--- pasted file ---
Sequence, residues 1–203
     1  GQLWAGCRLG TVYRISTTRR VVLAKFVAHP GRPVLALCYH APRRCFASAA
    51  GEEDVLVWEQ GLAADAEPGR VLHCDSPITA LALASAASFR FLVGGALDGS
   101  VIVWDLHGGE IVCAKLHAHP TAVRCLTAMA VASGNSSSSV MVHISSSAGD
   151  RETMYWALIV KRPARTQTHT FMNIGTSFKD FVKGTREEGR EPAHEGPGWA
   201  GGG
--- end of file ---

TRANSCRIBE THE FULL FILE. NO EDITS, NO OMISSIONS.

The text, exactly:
Sequence, residues 1–203
     1  GQLWAGCRLG TVYRISTTRR VVLAKFVAHP GRPVLALCYH APRRCFASAA
    51  GEEDVLVWEQ GLAADAEPGR VLHCDSPITA LALASAASFR FLVGGALDGS
   101  VIVWDLHGGE IVCAKLHAHP TAVRCLTAMA VASGNSSSSV MVHISSSAGD
   151  RETMYWALIV KRPARTQTHT FMNIGTSFKD FVKGTREEGR EPAHEGPGWA
   201  GGG